Program helps Alzheimer patients and families
TriAD is an innovative information and support program developed by the Alzheimer Society of Canada (AS) through an educational grant from Pfizer Canada for people dealing with mild Alzheimer’s. The ‘AD’ stands for Alzheimer’s disease, the ‘Tri’ for the patient, carer and healthcare professional.
"TriAD is designed to lead these people together in an organized and efficient way toward managing the disease," says Alan B. Bootes, president and CEO of Pfizer Canada.
TriAD contains information specifically prepared for each member of the team, so that each clearly understands his or her role. Included is a series of newsletters, videos and workbooks that take readers and viewers through each stage of ‘The Alzheimer Journey.’
In focus groups across the country, caregivers told the AS what they felt they needed to know in the early stages of the disease, says Linda LeDuc, Director of Support Services and Education for the Society in Toronto, and the principal author of the TriAD material. Using that information as a base, they then produced the videos, in which caregivers offer advice about signs to watch for, explain how they weathered the first stages of care and e sort of things that helped.
The videos help people to ask for support, LeDuc says, "and they encourage them to do so." They also help people prepare for the kinds of financial and medical decisions they’ll have to make in the future, when the person they’re caring for won’t be able to make such decisions on his or her own behalf. In short, the videos help people deal with change, LeDuc says, "because the one thing you can be sure of with a diagnosis of Alzheimer’s disease is that there will be change."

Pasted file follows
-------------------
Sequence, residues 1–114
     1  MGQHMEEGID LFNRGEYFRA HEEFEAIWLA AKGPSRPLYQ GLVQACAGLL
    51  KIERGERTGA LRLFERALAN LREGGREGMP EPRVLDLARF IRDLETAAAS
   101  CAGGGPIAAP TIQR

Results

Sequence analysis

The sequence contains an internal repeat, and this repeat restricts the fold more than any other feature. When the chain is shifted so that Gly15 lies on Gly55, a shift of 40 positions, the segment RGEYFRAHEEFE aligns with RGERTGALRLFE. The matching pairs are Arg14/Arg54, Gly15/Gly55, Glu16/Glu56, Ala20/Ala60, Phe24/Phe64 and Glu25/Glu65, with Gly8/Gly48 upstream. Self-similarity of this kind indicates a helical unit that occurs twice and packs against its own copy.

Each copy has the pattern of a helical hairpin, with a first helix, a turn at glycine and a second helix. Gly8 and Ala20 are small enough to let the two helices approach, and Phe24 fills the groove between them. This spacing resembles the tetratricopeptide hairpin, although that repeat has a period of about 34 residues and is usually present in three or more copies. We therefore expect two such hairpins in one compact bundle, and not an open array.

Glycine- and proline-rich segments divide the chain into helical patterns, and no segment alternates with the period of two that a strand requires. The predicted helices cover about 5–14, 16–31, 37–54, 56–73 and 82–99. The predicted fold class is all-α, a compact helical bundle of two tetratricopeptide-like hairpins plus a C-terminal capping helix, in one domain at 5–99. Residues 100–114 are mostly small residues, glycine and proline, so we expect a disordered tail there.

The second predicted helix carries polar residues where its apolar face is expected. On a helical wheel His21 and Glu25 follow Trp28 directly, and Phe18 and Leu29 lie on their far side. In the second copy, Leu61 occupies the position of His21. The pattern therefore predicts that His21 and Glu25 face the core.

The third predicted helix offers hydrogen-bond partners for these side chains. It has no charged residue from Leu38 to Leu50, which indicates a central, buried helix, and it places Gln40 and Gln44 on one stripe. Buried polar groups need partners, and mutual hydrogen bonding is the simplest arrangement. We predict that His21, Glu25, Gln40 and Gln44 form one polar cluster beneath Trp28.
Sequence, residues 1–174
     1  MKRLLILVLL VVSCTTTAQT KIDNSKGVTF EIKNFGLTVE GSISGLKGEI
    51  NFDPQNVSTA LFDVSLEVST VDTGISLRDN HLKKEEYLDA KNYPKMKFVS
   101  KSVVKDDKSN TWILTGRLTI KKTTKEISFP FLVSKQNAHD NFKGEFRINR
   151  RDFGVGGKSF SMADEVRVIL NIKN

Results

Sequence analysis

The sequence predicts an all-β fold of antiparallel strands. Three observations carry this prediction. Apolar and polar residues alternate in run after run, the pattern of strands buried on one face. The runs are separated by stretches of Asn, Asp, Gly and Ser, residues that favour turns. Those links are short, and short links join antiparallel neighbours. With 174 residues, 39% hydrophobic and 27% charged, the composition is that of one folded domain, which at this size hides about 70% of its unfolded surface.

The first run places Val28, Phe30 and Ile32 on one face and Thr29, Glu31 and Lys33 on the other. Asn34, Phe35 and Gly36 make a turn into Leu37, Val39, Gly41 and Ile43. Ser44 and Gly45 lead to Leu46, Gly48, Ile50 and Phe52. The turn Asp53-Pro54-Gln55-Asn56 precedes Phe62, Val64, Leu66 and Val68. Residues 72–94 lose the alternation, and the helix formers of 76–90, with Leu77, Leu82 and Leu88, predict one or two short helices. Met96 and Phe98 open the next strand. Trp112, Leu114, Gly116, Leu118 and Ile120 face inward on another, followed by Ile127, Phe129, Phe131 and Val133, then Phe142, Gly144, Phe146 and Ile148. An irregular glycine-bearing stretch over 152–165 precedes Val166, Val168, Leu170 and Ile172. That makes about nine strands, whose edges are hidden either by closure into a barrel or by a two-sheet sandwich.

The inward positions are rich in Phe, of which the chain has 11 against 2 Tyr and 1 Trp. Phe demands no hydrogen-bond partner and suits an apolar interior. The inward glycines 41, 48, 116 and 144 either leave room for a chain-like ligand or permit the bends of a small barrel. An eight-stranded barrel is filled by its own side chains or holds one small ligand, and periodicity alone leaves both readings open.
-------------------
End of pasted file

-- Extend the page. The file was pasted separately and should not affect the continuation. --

The accompanying workbooks reinforce the video’s content with checklists, and tips and advice regarding issues that families deal with in the first stages, such as relearning how to communicate with the person you’re caring for. There are also tips about organizing resources, building a support network and handling caregiver stress. "We know caregivers are stressed," says LeDuc, "so we’re trying to provide them with some tools and some ways of looking at how they might ease the burden of care.’
All materials are available free through your physician or the Alzheimer Society of Canada. Resources are also being prepared for people dealing with the middle and late stages of AD; those should be available later this winter. For more information about the disease or support services, contact your local Alzheimer’s Society office, call 1-800-616-8816.